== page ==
Deborah D. McAdams /
HPA Tech Retreat: The State of ATSC 2.0
Next-gen TV standard on track to be completed this year
INDIAN WELLS, CALIF.: The next-generation technical standard for broadcast
television will be done by the end of the year if not sooner, according to
Jerry Whitaker, vice president of standards development for the Advanced Television Systems Committee.
“Understandably there’s curiosity about the ATSC 2.0 timeline,” he said. He
said it could be completed by “maybe mid-2012; certainly by the end of the
Known as “ATSC 2.0,” the standard was reviewed at the HPA Technology Retreat
ongoing this week in Southern California. It’s often described as a marriage of
broadcast TV with the Internet.
Sam Metheny of WRAL-TV talked applications. He noted that ATSC 2.0 reflects the
direction TV consumption is already taking in the market. He cited projections
for explosive growth of TVs with Internet connectivity, expected to reach 98
million by 2014.
“People who have internet-connected TV are interested in the kind of content I
already produce,” he said. “We believe there’s an opportunity to engage the
ATSC 2.0 will provide a variety of interactive capabilities to broadcasters not
now available. For example, Metheny said, WRAL now pushes news alerts over
wireless networks to smartphones. With 2.0, it could push those alerts to TVs,
powered up or otherwise. He also described a scenario where a viewer could
watch two channels simultaneously on a single screen.
“About 60 percent of people now watch TV and use their mobile devices at the
same time,” he said. With ATSC 2.0, “you can check the weather and watch
‘Glee.’ You can do all that and stay in line with your channel instead of
Metheny also talked about in-home portable viewing; switching over to the
tablet computer to go turn the steaks on the grill. Another opportunity for
broadcasters involves second-screen advertising. He said 40 percent of
consumers used mobile devices to look for more information after seeing a TV
ad. Using ATSC 2.0, broadcasters themselves could capture that traffic.
Oren Williams of Dolby dug a little deeper into the workings of the developing
standard. He said ATSC 2.0 augments the DTV data path with new types of data,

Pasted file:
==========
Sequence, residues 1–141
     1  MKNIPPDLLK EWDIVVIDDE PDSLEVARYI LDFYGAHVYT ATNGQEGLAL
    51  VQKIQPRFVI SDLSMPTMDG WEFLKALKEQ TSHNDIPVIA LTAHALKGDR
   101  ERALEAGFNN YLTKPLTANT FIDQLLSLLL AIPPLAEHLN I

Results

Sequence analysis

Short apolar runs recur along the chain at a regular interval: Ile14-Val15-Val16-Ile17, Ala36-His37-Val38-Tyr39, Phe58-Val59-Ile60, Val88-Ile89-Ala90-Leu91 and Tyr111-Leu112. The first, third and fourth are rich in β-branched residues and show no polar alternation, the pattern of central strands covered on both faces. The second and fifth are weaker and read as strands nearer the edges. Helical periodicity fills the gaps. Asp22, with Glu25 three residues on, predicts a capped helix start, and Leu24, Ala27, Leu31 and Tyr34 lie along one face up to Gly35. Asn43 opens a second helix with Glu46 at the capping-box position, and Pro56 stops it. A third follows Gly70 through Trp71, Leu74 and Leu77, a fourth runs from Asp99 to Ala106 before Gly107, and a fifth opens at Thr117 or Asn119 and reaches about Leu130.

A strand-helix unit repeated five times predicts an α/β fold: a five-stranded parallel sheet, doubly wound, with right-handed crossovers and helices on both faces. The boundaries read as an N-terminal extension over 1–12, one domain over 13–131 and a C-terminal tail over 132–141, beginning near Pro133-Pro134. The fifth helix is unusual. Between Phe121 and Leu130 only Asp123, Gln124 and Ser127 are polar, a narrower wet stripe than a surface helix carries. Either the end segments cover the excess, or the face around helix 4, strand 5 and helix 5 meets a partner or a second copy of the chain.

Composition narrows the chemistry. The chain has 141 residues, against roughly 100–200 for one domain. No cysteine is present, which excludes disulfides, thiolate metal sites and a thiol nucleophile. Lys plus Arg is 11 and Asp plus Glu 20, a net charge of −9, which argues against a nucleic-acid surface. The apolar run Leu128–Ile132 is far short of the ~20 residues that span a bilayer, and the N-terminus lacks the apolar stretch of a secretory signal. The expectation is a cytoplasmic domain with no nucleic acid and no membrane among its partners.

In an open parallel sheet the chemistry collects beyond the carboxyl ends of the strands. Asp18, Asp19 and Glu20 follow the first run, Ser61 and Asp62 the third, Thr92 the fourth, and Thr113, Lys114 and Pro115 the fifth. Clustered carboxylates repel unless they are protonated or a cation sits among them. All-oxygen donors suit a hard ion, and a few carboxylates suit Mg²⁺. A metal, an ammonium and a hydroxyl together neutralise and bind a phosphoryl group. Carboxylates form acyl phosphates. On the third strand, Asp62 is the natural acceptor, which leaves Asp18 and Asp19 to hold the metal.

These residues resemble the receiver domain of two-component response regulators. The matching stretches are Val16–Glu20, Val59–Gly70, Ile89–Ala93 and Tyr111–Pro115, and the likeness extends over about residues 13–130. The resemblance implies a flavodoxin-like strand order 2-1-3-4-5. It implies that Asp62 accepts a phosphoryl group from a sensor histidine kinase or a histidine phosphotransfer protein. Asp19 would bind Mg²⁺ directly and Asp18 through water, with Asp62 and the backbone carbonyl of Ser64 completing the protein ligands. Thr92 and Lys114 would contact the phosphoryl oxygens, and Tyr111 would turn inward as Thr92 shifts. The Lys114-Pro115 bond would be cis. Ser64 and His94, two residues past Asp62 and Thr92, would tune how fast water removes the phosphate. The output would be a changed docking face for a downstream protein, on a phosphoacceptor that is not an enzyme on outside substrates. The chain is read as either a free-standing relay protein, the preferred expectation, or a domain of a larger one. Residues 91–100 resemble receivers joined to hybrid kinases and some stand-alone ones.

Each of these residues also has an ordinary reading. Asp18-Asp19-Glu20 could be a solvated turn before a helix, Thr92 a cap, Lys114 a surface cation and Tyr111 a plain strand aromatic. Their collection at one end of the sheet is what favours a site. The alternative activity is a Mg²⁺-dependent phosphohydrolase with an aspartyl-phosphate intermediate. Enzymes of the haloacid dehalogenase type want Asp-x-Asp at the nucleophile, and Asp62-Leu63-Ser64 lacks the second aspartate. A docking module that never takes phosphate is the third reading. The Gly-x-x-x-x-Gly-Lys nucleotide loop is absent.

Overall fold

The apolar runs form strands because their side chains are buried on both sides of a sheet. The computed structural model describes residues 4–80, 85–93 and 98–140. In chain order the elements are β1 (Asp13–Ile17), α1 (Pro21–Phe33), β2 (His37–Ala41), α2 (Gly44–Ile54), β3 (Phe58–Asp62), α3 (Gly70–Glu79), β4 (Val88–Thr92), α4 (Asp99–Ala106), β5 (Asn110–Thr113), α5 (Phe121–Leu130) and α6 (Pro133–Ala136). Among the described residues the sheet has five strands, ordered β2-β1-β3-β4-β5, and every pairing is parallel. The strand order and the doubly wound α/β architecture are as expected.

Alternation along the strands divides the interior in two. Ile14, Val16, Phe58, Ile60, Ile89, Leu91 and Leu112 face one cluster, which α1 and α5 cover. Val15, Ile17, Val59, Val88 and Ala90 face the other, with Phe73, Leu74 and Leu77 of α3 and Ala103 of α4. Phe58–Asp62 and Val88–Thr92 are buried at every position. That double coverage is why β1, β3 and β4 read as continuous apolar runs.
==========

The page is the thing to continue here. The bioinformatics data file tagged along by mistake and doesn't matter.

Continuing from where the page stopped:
and that the data path to the Internet resembles the ATSC data path to TV.
He listed as the building blocks of the ATSC data path connector system:
~ Internet Links
~ Signaling for Alternative Data
~ Internet Protocol Stacks
~ Access Control
~ Usage Management
~ Receiver Definitions
Williams said that modern TV receivers support the advanced graphical
processing that can now be used by ATSC 2.0, and that it would allow broadcasters
to author the user experience associated with a given service. He said the
standard would allow scripted or hyperlinked references to Internet sites and
content, and communications with broadcaster-operated servers.
This communication is achieved with “triggers” that are sent to signal the
availability of ATSC 2.0 content. The trigger points to a data object, which
defines the ATSC 2.0 content. The trigger also can signal states of a data objects
such as run, stop or pause. Automatic content recognition allows data objects
to transfer between connected devices.
The resulting environment allows a broadcaster to drive traffic to a website
while simultaneously holding the viewer’s video position, Williams said.
Dr. Rich Chernock of Triveni discussed non real-time delivery, an option within
ATSC 2.0. NRT content is delivered in
advance of use and stored for later consumption.
“It allows broadcasters to take advantage of high-bandwidth wireless delivery
of content to a variety of devices,” he said.
For example, they can deliver targeted ads based on users’ personal data
interface patterns; get into pay-per-download services; or even develop
personalized television. NRT 1.0 has passed the ATSC’s TG1 ballot, he said.
Work on NRT 2.0 is underway.
The NRT standard comprises:
~ Support for fixed and mobile broadcasting, with as much commonality as
~ Heavy use of IP mechanisms,
including IP transport layer, and File Delivery over Unidirectional
Transport--or “FLUTE”--and IETF protocol for file delivery-really meant for
one-way transmission, Chernock said.
~ Signaling and announcement…
what’s happening now, what’s happening in the future.
~ Support for future
extensibility via versioning to accommodate various consumer electronics
~ Support for
application-level Forward Error Correction.
~ Use of wrappers and
~ Essential capabilities, including a list of supported codecs and other
elements that let receivers know if it should offer a service or content based
on capabilities required.
That’s where consumer electronics manufacturer participation is critical. Three
service categories have been defined in the NRT standards work in order help
broadcasters determine what services to deliver, and CE makers what to build.
These comprise browse-and-download, push and portal services.
“You don’t want the device to download something in a codec it doesn’t handle,”